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Kenya: Weak labor market looms ahead of 2022 polls

Kenya is a lower-middle income country with well- organised industrial relations, but structural challenges are affecting the labour market. ... An increase in living cost has eroded incomes' purchasing power and projections on the progress of employment by middle-class has been sluggish reaching 20% in 2020.

By Steve Umidha

 

Kenya’s labor market is expected to shrink next year on account of the upcoming general elections – but a rebound could follow almost immediately depending on the polls’ outcome.

Projections by the Parliamentary Service Commission (PSC) on medium term alternatives for steady economic growth during the transition period for 2022/2023, show that employers in key industries such as manufacturing, will halt hiring as investors adopt ‘a wait and see’ attitude pending polls outcome.

PSC, while relying on figures from the Kenya National Bureau of Statistics (KNBS), believes that growth in the private sector will remain muted as a result, even though Government consumption will increase significantly in 2022 on election related spending and drought mitigation measures.

“Growth in private investment is likely to remain muted as investors adopt a wait and see attitude pending the outcome of the general elections. A tension filled election marred with pockets of violence could lead to investor flight,” reads in part the report which covered the months between January and October 2022.

Kenya’s unemployment rate, according to KNBS, had been increasing over the past five years with formal wage employment climbing from 2.68 million people in 2016 to 2.93 million workers in 2019 followed by a sharp decline to 2.74 million people seen in 2020 because of the pandemic.

Formal employment in the primary sector, according to KNBS declined from 13.1 percent to 12.3 percent during the same period as was the industry sector share of formal wage employment which also declined from 21.7 percent to 21.0 percent.

In fact, a recent study by the World Bank, Navigating the Pandemic, found that as a result of the pandemic, poverty levels in Kenyan households jumped by 4 percentage points, an equivalent of 2 million additional households that were impacted by Covid-19 leading to sharp decreases in incomes and employment.

The unemployment rate increased sharply last year, approximately doubling to 10.4 percent in the second quarter as measured by the Kenya National Bureau of Statistics (KNBS) 2020 Quarterly Labor Force Survey.

Since the pandemic hit, Kenya’s economy is estimated to have been hit hard by COVID-19, severely affecting incomes and jobs.

Until May this year when signs of recovery began to sprout, Kenya’s economy had been critically exposed through the dampening effects on domestic activity of the containment measures and behavioral responses.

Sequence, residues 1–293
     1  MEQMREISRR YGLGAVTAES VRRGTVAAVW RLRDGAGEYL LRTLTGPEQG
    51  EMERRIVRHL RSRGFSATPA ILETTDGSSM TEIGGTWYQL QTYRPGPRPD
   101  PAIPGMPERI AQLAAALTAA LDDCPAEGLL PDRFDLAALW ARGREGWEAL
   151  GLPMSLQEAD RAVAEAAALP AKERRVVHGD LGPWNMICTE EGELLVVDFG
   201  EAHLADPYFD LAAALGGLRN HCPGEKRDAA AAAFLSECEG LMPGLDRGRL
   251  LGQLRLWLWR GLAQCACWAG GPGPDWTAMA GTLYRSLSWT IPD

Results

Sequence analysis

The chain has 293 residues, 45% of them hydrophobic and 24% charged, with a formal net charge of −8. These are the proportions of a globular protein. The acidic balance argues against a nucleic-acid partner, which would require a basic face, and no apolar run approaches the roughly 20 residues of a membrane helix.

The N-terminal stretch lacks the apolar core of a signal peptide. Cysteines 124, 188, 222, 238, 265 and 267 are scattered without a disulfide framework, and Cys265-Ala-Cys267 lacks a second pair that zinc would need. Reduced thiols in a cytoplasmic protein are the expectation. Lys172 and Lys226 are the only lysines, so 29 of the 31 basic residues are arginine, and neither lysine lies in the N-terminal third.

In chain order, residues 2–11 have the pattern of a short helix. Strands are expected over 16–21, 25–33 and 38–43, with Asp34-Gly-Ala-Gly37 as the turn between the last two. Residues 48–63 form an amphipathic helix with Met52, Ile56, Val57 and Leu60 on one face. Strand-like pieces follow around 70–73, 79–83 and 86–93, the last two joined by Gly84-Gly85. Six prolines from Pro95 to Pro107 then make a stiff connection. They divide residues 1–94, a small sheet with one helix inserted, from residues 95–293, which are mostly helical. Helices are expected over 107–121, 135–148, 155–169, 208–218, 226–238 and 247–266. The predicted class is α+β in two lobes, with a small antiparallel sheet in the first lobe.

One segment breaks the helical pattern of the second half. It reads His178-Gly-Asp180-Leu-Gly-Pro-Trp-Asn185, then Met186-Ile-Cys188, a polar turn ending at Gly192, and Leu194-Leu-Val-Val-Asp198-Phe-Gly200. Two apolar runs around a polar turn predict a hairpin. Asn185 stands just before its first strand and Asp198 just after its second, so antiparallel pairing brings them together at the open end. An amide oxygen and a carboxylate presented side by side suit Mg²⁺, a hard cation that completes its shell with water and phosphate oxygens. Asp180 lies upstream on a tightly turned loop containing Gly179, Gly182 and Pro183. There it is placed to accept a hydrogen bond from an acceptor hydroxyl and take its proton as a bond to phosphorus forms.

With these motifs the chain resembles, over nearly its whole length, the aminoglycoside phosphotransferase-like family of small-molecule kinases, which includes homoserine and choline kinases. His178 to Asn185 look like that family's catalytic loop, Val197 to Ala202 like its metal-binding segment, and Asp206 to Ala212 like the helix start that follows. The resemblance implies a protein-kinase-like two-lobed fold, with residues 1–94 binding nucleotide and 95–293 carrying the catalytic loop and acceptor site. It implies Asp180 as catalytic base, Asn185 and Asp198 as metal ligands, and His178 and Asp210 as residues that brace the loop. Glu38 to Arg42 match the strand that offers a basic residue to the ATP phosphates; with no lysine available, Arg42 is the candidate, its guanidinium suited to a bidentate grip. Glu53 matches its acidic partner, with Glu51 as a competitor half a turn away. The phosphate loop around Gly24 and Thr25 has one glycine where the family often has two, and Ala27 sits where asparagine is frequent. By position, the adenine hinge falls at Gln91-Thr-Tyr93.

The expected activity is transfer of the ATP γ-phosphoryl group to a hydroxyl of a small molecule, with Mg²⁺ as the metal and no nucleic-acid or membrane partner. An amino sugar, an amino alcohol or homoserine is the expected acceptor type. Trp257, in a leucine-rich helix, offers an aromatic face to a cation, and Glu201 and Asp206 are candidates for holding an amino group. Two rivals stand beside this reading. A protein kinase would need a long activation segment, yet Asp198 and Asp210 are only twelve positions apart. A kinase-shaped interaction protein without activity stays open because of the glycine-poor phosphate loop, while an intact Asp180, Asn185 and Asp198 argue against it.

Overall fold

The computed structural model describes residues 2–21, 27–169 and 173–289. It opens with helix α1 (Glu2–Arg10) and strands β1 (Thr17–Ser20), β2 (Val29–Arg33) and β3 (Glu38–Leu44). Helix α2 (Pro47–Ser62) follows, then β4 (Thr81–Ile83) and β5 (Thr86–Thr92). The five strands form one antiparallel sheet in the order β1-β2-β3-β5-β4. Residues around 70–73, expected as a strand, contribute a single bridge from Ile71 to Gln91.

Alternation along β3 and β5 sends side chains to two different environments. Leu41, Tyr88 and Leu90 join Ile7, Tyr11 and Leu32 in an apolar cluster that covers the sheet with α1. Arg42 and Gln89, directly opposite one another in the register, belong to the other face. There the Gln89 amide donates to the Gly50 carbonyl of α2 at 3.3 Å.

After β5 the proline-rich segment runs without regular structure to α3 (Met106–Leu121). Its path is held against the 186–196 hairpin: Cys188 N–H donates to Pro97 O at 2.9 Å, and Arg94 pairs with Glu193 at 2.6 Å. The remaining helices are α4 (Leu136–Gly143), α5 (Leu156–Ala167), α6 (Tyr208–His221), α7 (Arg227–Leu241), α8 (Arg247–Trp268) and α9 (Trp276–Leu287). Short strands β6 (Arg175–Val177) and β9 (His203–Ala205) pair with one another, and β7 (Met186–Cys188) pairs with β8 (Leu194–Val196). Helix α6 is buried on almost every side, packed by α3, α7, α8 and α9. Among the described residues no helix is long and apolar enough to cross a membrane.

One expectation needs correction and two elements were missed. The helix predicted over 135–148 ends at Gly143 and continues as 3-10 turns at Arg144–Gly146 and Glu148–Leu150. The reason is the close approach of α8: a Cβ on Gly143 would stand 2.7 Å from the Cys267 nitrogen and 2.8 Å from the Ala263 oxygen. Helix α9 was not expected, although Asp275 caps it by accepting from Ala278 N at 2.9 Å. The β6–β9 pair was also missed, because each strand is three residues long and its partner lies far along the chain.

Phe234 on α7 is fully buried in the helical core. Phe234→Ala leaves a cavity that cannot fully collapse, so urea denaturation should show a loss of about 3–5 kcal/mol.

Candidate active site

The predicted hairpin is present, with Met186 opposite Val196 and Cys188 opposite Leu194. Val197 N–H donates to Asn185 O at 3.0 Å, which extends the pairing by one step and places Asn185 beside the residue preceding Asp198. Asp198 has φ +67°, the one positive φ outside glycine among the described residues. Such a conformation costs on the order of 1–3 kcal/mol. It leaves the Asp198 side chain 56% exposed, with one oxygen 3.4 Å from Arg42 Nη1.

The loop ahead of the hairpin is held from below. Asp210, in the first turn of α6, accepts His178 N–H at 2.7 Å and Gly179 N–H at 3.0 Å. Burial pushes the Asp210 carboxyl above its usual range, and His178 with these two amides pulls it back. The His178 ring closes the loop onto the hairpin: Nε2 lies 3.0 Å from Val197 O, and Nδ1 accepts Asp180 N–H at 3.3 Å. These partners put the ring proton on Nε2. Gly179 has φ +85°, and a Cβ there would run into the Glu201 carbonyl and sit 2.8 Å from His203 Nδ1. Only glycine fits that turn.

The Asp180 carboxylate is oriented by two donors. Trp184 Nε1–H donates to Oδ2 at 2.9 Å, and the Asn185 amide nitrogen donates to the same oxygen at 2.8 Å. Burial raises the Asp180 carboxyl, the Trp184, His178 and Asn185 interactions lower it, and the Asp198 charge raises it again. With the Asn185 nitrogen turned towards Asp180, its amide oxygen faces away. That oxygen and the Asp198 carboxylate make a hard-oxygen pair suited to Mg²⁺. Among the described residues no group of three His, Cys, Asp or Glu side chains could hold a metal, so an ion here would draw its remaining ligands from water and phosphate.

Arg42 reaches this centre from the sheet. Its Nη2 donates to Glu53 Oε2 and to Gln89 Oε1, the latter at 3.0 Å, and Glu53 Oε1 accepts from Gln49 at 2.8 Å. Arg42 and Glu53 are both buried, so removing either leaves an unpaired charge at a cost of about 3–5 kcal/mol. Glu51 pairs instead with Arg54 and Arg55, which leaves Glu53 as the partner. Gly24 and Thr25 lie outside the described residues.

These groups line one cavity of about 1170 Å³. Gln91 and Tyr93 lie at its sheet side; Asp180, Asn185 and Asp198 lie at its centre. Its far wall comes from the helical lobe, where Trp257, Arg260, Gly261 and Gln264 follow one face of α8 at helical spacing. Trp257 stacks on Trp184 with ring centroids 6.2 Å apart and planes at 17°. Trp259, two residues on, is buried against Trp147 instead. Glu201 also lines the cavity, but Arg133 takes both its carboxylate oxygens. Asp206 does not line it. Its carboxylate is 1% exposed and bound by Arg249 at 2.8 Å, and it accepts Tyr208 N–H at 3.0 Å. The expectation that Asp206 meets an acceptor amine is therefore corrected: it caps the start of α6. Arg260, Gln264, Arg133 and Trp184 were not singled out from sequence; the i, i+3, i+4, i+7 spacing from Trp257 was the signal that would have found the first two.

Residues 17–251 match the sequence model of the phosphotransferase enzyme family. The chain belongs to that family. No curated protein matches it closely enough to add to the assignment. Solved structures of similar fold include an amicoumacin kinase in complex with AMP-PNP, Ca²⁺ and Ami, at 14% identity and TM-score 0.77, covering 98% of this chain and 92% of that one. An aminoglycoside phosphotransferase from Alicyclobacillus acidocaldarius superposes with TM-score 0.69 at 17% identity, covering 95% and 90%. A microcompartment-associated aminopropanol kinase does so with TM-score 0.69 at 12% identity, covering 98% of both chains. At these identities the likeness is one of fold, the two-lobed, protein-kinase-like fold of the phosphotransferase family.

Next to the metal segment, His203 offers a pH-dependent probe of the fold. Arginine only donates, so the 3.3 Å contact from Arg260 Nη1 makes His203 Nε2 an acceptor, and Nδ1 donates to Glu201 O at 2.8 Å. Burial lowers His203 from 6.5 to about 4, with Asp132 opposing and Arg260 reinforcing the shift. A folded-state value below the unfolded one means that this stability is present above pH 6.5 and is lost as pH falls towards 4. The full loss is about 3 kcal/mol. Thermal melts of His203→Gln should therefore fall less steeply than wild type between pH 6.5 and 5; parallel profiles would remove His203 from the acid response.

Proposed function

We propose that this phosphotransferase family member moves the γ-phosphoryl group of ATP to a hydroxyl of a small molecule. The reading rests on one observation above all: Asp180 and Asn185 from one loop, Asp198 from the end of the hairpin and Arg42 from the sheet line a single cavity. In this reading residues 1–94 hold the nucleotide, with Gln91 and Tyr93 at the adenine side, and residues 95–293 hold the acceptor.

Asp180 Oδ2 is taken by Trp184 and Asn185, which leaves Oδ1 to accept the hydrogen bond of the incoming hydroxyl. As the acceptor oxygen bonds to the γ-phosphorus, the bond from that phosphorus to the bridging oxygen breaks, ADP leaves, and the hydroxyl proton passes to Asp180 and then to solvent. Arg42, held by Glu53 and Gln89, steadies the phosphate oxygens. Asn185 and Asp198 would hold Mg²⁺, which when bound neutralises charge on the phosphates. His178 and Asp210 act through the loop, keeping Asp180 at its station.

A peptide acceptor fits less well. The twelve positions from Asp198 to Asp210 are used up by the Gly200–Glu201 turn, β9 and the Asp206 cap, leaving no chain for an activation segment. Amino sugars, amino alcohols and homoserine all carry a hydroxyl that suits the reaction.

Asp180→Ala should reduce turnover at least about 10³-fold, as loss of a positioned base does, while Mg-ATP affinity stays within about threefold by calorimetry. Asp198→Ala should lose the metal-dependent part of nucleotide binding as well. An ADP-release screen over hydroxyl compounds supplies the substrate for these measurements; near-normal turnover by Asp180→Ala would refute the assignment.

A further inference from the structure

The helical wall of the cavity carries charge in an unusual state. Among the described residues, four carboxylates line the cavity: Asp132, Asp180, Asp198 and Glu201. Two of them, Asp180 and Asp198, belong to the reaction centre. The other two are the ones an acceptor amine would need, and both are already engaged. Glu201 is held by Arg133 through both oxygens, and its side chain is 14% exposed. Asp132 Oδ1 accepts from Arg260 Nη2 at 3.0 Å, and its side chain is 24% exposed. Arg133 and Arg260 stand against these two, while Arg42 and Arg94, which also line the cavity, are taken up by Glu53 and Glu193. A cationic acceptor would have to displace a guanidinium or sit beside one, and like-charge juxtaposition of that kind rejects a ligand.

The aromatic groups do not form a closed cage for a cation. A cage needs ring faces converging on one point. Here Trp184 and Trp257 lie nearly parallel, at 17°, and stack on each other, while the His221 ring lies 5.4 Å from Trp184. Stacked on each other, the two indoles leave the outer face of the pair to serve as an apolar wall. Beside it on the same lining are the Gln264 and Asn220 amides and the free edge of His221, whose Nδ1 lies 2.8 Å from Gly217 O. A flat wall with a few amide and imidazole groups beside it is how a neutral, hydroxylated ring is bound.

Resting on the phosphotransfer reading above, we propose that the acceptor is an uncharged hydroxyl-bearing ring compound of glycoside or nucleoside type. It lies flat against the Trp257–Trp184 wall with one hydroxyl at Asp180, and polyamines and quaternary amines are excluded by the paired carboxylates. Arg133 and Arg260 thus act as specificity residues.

A total of 604 firms in Kenya sent workers home due to the coronavirus fallout, according to Federation of Kenya Employers (FKE) which said that at least 33 jobs were lost in every modern sector company between March and August 2020.

During the year, industries accounting for the highest wage employment in the private sector were manufacturing at 15.8 percent, agriculture forestry and fishing at 15.1 percent and wholesale and retail at 13.5 percent.

But a different approach will be needed if Kenyans are to come back into the labor force to resume their hunt for work, according to PSC’s recommendations.

“As a result, any interventions expected to enhance economic performance should focus primarily on these key sectors. If adequately supported, the expected returns are high in terms of increased household employment and income which will boost consumer demand. If incomes are sustained at a reasonably high level over the medium to long term, then this could boost private investment and reduce poverty.”

Kenyan labor force, particularly young people, are disproportionately employed in restaurants, entertainment joints, and the tourism sector which were largely shut down in March last year when the pandemic hit and remained closed through the three-month dry spell and beyond when the country went into a lockdown.

The total employment increased from 15.6 million in 2016 to 17.5 million in 2020; of which the majority was in the informal sector. Informal employment accounts for approximately 83 percent of total employment; excluding small scale farming and pastoralist activities -KNBS

It is estimated that 60 percent of the informal employment is mainly in wholesale, retail trade, hotel & restaurants while 20 percent is manufacturing activities –KNBS

Many of the unemployed are youths aged 20-24 years, followed by those aged 25-29 years. As at the first quarter of 2021, long-term unemployed youths (those aged 20-34) were 555,484 out of a labor force of 8.78 million youths.

 

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